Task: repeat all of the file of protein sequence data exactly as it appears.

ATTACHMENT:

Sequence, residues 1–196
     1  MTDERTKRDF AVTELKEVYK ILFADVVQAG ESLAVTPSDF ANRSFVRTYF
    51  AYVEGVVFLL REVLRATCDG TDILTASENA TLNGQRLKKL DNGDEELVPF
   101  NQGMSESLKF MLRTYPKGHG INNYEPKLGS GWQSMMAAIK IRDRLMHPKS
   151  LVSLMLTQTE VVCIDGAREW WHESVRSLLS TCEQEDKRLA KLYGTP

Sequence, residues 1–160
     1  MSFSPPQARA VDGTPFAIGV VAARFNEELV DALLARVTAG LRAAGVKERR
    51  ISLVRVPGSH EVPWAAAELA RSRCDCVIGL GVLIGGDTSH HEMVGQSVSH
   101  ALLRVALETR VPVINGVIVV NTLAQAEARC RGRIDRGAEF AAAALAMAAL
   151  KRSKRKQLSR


Sequence, residues 1–196
     1  MTDERTKRDF AVTELKEVYK ILFADVVQAG ESLAVTPSDF ANRSFVRTYF
    51  AYVEGVVFLL REVLRATCDG TDILTASENA TLNGQRLKKL DNGDEELVPF
   101  NQGMSESLKF MLRTYPKGHG INNYEPKLGS GWQSMMAAIK IRDRLMHPKS
   151  LVSLMLTQTE VVCIDGAREW WHESVRSLLS TCEQEDKRLA KLYGTP

Sequence, residues 1–160
     1  MSFSPPQARA VDGTPFAIGV VAARFNEELV DALLARVTAG LRAAGVKERR
    51  ISLVRVPGSH EVPWAAAELA RSRCDCVIGL GVLIGGDTSH HEMVGQSVSH
   101  ALLRVALETR VPVINGVIVV NTLAQAEARC RGRIDRGAEF AAAALAMAAL
   151  KRSKRKQLSR